Putting pork on their fork: Inn of the Good Shepherd part of pilot project

Myles Vanni of the Inn of the Good Shepherd receives two skids of ground pork from Lyle and Mary Ann Hendricx, pork producers from Strathroy. Hendricx is one of the producers behind a program to donate pork to local foodbanks. The pork donated in Sarnia-Lambton should be enough to give each of the 1,800 families in Sarnia-Lambton who use food banks each month a pork meal.

Myles Vanni of the Inn of the Good Shepherd receives two skids of ground pork from Lyle and Mary Ann Hendricx, pork producers from Strathroy. Hendricx is one of the producers behind a program to donate pork to local foodbanks. The pork donated in Sarnia-Lambton should be enough to give each of the 1,800 families in Sarnia-Lambton who use food banks each month a pork meal.

 

Ontario’s pork producers are giving a helping hand to people using the province’s food banks.

A group of farmers has put together a donation program which buys lean ground pork and distributes it to food banks.

Lyle Hendricx, a producer from Strathroy, was at the Inn of the Good Shepherd recently to help announce the program. He says in the past farmers would donate by taking a pig to the local abattoirs and then getting it to the food bank. That worked for a while, but Hendricx says not as many farmers are doing that now.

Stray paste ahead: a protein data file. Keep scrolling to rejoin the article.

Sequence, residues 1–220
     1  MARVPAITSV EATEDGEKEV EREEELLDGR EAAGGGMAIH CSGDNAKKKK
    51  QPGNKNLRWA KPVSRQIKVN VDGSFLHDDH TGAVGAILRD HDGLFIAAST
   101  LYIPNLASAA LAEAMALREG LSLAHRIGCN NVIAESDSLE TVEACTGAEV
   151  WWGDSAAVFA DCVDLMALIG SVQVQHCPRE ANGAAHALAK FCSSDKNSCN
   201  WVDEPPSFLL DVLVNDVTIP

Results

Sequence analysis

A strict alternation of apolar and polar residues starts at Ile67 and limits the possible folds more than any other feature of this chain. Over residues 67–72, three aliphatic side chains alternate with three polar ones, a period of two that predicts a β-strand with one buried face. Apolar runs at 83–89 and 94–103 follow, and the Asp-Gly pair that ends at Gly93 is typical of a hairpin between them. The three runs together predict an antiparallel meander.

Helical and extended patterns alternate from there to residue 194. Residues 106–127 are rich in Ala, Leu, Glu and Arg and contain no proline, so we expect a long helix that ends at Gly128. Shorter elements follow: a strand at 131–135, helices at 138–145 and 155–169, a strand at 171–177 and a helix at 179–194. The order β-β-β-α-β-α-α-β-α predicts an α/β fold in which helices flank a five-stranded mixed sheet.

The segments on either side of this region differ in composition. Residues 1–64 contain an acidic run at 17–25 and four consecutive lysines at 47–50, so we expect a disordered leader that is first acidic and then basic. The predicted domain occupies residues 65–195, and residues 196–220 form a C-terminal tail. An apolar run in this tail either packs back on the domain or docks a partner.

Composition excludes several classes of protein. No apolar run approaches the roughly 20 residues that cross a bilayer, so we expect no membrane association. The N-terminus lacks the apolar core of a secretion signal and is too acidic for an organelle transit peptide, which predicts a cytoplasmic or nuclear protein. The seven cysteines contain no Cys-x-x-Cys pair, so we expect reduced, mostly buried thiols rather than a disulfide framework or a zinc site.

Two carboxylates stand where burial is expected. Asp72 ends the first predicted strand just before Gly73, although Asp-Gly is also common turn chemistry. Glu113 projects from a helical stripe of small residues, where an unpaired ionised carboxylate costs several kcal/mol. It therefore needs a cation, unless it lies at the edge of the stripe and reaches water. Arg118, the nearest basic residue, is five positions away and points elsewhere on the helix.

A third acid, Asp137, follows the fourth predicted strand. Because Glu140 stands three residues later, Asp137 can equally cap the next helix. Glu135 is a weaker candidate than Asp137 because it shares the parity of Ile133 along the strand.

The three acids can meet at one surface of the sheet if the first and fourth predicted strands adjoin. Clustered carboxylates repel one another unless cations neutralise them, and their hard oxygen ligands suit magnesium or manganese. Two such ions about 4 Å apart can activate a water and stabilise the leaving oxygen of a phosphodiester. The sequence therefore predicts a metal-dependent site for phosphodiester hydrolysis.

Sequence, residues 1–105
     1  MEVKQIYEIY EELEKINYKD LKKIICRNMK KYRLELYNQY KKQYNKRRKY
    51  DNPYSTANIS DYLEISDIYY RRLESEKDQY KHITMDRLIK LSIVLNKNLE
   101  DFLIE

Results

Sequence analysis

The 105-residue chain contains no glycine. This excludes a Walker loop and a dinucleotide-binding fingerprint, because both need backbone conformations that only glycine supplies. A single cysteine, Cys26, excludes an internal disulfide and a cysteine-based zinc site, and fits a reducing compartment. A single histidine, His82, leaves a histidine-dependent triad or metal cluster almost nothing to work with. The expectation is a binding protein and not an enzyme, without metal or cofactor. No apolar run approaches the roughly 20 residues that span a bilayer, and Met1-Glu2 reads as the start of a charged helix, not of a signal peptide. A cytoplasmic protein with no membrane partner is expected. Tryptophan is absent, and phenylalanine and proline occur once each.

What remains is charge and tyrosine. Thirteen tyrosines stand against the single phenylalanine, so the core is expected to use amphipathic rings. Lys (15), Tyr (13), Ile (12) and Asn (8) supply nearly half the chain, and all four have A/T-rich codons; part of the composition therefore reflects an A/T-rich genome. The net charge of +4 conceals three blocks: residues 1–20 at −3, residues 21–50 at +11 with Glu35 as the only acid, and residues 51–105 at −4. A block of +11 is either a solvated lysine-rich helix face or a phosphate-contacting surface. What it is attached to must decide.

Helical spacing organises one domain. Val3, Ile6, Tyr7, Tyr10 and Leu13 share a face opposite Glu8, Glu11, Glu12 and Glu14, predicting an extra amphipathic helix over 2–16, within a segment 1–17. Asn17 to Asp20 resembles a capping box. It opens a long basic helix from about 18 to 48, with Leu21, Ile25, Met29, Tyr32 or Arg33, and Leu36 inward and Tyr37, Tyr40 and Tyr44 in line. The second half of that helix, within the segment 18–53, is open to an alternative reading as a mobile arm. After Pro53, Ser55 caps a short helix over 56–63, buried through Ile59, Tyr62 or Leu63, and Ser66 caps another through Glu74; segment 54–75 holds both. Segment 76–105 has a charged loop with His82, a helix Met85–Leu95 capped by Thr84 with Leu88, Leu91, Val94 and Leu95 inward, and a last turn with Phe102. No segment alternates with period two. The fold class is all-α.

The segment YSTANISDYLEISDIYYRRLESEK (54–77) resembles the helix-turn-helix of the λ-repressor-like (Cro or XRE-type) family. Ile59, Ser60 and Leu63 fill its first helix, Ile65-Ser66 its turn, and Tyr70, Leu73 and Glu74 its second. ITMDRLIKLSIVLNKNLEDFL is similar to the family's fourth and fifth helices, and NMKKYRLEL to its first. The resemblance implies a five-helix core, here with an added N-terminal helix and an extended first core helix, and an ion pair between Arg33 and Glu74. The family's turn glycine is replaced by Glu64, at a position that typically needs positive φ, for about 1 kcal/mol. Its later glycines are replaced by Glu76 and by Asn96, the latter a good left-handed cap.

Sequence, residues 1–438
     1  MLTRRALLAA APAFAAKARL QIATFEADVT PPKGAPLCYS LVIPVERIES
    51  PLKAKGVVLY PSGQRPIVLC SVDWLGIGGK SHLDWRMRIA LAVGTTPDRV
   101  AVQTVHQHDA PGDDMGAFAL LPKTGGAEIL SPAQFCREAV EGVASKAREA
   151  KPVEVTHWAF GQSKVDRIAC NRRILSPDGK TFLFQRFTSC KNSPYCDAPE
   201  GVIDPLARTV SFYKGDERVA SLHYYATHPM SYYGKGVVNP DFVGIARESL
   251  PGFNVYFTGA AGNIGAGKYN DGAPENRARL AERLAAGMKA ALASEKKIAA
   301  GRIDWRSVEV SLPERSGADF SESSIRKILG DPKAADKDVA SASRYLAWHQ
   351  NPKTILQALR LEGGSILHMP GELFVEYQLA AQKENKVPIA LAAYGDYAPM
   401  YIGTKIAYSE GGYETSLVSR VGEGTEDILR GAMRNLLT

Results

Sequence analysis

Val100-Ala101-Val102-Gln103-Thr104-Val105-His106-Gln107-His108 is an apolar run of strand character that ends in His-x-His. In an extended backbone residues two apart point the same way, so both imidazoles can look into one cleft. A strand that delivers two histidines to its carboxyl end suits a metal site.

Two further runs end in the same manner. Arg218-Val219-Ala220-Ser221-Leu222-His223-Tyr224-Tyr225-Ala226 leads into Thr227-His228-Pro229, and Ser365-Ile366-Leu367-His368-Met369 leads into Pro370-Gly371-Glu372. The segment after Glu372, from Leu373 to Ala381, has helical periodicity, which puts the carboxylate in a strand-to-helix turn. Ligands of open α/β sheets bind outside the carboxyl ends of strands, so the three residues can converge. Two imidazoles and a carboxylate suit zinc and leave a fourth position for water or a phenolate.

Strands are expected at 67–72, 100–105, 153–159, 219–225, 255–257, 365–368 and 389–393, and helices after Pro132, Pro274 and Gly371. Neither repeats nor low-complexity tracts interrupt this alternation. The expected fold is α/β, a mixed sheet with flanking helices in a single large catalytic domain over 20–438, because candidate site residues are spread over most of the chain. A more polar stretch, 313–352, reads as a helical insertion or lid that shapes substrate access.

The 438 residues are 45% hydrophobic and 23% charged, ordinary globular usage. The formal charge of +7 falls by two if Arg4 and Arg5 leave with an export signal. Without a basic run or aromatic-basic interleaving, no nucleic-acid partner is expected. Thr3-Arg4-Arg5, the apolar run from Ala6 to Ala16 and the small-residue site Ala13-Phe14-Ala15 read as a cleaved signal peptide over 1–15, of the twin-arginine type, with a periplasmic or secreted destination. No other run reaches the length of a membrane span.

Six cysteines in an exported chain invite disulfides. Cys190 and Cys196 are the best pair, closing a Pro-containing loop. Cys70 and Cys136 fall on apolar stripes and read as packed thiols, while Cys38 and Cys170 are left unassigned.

So Hendricx and several other farmers came up with a new way to put pork on the fork of people using the food bank.

Hendricx says the Ontario Pork Council put up $10,000 in seed money and then individual producers were approached to add to the pot. The volunteer group then went to the processor in Kitchener to see how much meat could be purchased with the $20,000.

“With products like sausages and hamburger, these are products people can use,” says Hendricx. “We’re going to put recipes with it, so they know what to do with it.” Mary Anne Hendricx adds the recipes will contain items commonly found on food bank shelves.

Food banks across southwestern Ontario were receiving skids of the lean ground pork last week. Vanni says the meat received in Sarnia will be enough to provide at least one package for every family using the food banks across Sarnia Lambton – about 1,800 families a month.

“As individuals we can’t make that kind of difference but working together we can,” says Lyle Hendricx.

“This way it is not falling on an individual producer. Everyone can contribute to the cost of processing,” says Vanni.

“This will have a huge impact for the food bank,” says Vanni. “It is always a struggle to get protein. We get shelf items – milk and eggs we get – but protein is always a struggle.”

Hendricx is hopeful this pilot project will become permanent. The Ontario Pork Congress is meeting in Stratford this week and will discuss a larger financial commitment to the program.

Mary Ann Hendricx would like to see $400,000 dedicated to the program.

Vanni says the commitment of the pork producers is exciting but probably should not be that surprising. “Nobody knows better than a farmer how important good food is,” says Vanni. “They’ve dedicated the passion of their life to producing it and they know even though people are struggling they still need good, healthy food.”

– Heather Wright

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